As many of you know, on Friday nights, I most often speak from notes, rather than writing out a full sermon. However, I’ve tried to use the notes from last Friday night (June 19, 2015) to create a text that will allow me to archive my thoughts following the tragic shooting in Charleston, SC.
Like many of you, I’ve been walking around the past few days with a sickness in my stomach and a sadness in my heart, trying to make sense of the violence that unfolded last week in Charleston, SC. I’ve scoured the various news stories that have appeared in my social media sources, absorbing the opinions of friends and journalists as I’ve struggled to be able to articulate my own thoughts about this mess. I stumbled upon a headline from the Chicago Tribune—it actually wasn’t about Charleston, but rather about another homicide in Chicago, one of nearly 200 in that city so far this year. The headline asked, “What Is This World Coming To?” and I had to scoff in spite of myself.
I’m sorry to inform the journalist who chose that particular phrase as the lead-in to that story, but the world is not “coming to” anything or any place. We. Are. Already. There. We thought after Columbine perhaps things would change, when violence invaded our schools. That was 16 years ago. We thought maybe things would change after the massacre in the movie theater in Aurora, CO. That was nearly three years ago. Or maybe things would be different after twenty children, aged six and seven, were killed in Newtown, CT. That was also in 2012, and there have been more than 90 shooting incidents at schools and college campuses since then. The cycle of violence continues unabated and every time that an incident makes the news, the politicians and pundits adopt a sober stance and proclaim, “The time has come for a serious conversation…” And the conversation never fully materializes.
We have a problem. We have a problem with a fetishization of guns and violence, yes. (No, I don’t want to eliminate all guns. But I want us to be able to have a sensible, dispassionate conversation about guns that will promote safety and keep firearms out of the hands of the wrong people.) We have a problem also with racism, with mental health, and with our prison system (to name just a few other core issues). But to dismiss the evil that took place in Charleston as an isolated incident is to ignore the broken systems in our country that allow such evil to fester and grow, and it does a tremendous disservice to the memories of Sharonda Coleman-Singleton, Reverend Clementa Pinckney, Cynthia Hurd, Tywanza Sanders, Myra Thompson, Ethel Lee Lance, Rev. Daniel L. Simmons, and Rev. Depayne Middleton-Doctor.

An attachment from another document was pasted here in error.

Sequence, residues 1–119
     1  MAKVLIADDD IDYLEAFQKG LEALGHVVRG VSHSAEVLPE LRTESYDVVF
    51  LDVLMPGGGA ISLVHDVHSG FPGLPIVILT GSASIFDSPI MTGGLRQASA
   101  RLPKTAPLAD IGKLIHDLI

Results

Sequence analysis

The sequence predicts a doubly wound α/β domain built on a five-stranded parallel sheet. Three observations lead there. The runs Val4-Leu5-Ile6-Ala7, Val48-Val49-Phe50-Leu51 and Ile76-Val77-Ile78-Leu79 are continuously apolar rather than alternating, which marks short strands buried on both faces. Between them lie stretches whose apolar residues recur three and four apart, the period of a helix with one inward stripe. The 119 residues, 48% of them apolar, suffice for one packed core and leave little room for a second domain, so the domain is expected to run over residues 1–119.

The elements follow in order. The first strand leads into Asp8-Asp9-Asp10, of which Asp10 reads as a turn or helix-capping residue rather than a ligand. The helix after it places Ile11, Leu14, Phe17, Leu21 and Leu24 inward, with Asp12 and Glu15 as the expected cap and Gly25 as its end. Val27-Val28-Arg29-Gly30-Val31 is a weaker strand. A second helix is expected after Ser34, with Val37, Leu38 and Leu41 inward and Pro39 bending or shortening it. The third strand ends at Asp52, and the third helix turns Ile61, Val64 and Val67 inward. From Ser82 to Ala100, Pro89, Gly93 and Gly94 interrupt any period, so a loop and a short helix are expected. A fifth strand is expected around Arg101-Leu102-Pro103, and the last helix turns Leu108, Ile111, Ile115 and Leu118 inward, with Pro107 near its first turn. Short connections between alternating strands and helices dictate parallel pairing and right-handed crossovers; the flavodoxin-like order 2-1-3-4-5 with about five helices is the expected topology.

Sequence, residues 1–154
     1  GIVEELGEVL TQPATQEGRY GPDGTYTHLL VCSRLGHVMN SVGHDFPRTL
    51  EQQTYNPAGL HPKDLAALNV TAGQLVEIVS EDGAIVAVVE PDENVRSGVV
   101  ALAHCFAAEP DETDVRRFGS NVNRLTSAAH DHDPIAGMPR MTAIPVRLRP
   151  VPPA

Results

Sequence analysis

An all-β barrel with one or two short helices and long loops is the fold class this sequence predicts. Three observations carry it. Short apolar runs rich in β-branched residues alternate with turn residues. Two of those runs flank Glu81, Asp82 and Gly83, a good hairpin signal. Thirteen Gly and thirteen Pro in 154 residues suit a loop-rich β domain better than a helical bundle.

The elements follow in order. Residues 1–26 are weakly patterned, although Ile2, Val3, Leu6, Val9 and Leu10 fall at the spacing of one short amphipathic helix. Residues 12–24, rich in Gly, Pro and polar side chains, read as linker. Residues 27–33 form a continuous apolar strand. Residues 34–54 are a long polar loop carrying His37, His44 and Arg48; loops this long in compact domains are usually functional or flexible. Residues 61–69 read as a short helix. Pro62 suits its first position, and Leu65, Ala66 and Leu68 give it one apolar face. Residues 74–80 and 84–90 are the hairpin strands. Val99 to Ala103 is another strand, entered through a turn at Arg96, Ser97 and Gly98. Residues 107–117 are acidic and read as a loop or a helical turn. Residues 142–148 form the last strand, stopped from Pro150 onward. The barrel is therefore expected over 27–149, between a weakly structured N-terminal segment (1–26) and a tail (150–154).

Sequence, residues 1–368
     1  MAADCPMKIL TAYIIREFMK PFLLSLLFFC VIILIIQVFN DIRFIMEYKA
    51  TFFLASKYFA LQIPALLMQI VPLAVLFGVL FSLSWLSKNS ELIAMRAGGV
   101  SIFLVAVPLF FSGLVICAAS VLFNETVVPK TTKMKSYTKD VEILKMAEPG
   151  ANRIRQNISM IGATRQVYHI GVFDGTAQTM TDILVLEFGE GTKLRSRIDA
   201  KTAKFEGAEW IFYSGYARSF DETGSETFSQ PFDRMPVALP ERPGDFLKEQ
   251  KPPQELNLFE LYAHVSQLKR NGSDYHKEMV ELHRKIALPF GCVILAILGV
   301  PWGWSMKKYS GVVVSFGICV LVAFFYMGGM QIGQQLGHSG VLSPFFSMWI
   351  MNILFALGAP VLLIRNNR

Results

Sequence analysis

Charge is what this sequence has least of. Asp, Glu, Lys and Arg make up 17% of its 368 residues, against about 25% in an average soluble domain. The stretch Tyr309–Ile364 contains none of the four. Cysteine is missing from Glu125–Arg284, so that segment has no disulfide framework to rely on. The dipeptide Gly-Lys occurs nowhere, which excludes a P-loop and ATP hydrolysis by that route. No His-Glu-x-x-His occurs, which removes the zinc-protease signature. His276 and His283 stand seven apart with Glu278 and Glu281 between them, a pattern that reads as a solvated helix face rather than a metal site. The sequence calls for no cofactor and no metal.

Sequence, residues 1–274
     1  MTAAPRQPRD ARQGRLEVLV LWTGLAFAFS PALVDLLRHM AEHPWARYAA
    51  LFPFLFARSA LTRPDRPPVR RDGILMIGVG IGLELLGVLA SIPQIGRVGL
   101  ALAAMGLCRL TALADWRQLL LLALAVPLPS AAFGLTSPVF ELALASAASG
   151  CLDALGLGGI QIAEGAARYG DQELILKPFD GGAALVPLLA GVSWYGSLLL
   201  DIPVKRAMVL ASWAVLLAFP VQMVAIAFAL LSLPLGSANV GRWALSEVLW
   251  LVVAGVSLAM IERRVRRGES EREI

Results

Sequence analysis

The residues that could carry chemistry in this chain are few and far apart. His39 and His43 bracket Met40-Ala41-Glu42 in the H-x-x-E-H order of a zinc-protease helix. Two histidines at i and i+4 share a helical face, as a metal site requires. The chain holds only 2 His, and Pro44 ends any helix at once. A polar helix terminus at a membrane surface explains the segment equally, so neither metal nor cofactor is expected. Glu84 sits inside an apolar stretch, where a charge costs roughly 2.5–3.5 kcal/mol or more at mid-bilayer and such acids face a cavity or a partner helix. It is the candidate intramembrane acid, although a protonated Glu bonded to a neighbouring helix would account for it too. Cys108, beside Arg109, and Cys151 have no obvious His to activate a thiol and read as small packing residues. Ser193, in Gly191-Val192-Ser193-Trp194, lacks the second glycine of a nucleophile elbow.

We have been taught to fear those who are “other” than us. So long as our vocabulary remains “us” and “them,” so long as we think of “those people” in a neighborhood removed from the one in which we live, we cannot hope to heal our broken world.
There is a sad, almost sickening irony to the fact that we spent Friday night June 19 mourning the victims of the Charleston shooting who were singled out because of their race. Friday marked 150 years to the day of the emancipation of slaves in Texas, a date celebrated among African-Americans as “Juneteenth.” It was also 51 years ago that President Johnson signed the sweeping 1964 Civil Rights Act. Both historic events are heralded in history books as turning points for race relations in our country. But how far have we truly come?